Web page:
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Leads, Leads Everywhere… How to Pick and Build the Right Systems

Leads, Leads Everywhere… How to Pick and Build the Right Systems

Once you have figured out your lead management strategy, structure and staffing plans, it‘s essential that you have the right systems in place to truly build a world-class lead management program for your channel partners. By “systems,” I actually mean three independent things: programs, processes and platforms. I use the plural versions of these words because they need to address every aspect of your channel lead management program, and it is never easy to fit in everything with a singular approach. In this article, we will explore how to best build the right systems for your lead management program.

In our earlier articles, we discussed how to pick different strategies, structures and staffing plans based on different types of products, market segments and buying motions. In this article, we will discuss lead management systems in generic terms because, in principle, building programs, processes and platforms is more or less universal. While the specific activities within each program, process or platform is a function of you the markets you serve, the products you sell and the staffing you provide, the approach to building systems is to a great extent the same across all variables. So let’s go ahead and break the concept of “systems” into three core areas and see how we can take the right approach for each:
  1. Programs – Building a lead management program requires integration of multiple programs, which determine how you onboard, train, enable and reward partners. Without figuring out those sub-programs, it is awfully hard to think about lead management in isolation. On the other hand, without comprehensive strategy, structure and staffing plans for lead management, you cannot figure out these other related programs. That’s why it is essentially to work on an integrated program approach that considers how onboarding, training, enablement, lead management and rewards work together. Once you have aligned these sub-programs with your product types, market segments and partner types, you can then and only then move to the next level of building the right processes.
  2. Processes – Lead management requires a clear and focused strategy that specifies which leads you are going to distribute to which partners and why. The strategy should also specify how you will incentive partners to generate leads on their own to drive your sales. We discussed this integrated approach in an earlier article, and we also touched upon the dependencies of lead management programs on other sub-areas of channel management—e.g., partner onboarding, training, enablement and rewards. Therefore, when you are building a lead management process and determining how partners will submit leads to you and/or accept leads from you, you will need to clearly map out approval routing, notifications, alerts, etc. Even today, many companies are still managing these processes manually. That may be okay, at least until you scale to a certain point, but you will need to have to have the entire process clearly defined, whether or not you automate it.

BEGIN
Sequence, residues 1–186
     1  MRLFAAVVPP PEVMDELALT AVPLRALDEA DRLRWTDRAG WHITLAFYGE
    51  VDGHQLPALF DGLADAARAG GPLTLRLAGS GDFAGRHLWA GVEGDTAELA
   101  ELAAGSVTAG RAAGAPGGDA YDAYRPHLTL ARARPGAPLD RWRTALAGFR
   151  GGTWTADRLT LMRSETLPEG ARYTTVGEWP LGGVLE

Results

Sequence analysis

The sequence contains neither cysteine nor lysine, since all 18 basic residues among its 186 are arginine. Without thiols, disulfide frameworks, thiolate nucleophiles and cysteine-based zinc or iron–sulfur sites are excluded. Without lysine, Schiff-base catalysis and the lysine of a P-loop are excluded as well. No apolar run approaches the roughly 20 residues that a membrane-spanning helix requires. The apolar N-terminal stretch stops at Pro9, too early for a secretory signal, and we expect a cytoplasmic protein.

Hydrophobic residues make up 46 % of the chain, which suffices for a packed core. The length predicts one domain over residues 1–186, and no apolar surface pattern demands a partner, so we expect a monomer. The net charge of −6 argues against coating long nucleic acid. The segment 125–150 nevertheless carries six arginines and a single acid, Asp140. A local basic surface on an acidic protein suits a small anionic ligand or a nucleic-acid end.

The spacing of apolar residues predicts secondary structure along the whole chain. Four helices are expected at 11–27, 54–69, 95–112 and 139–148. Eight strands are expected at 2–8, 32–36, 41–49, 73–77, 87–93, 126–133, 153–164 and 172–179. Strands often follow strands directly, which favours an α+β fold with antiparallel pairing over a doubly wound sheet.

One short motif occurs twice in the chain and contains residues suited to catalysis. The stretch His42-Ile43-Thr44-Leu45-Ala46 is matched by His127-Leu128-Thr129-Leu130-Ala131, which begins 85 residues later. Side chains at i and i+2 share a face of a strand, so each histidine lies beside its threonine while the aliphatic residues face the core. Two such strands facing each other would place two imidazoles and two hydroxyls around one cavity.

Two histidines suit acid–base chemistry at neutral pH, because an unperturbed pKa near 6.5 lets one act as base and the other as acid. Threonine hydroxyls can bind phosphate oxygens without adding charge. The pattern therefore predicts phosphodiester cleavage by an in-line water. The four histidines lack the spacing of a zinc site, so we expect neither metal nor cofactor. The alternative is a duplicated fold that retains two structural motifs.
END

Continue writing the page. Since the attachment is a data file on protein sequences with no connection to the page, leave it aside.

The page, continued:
3. Platforms – As more and more business functions are automated, it makes sense to give channel management the same level of consideration. Forty years ago, enterprises started to automate their back-end processes, like manufacturing, logistics, inventory management and forecasting. This led to a fully automated and integrated financial system, which eventually led to the creation of sales and marketing automation platforms. However, those systems are inadequate for addressing your complex channel management needs, which are likely to change frequently. This is why, when you are investigating technology platforms for managing your channel, it’s vital that you understand the implications of taking a customer relationship management (CRM) system and attempting to modify it for the purposes of partner relationship management (PRM). I have shared in other articles why PRMs are better fit for channel management than CRMs, so I won’t repeat that argument here.
As you can see from this brief overview, building the right systems requires strategic-level thinking, but then micro-alignment across programs, processes and technology platforms in order to build a highly scalable system that is truly frictionless. In my earlier articles on lead management, I used an analogy: Leads are like fish out of water; they can only live so long without being cared for. This is why a fully aligned, frictionless system is critical. Prospects don’t wait to buy from you. They follow their own rhythm. We know that great products lose sales because of misaligned systems. Therefore, as you think through your lead management strategy, structure and staffing, make sure you have systems in place that will work not only with a relatively low volume of leads, but can also scale (without misalignment) when you drive up your revenue through your partner network on a worldwide basis.

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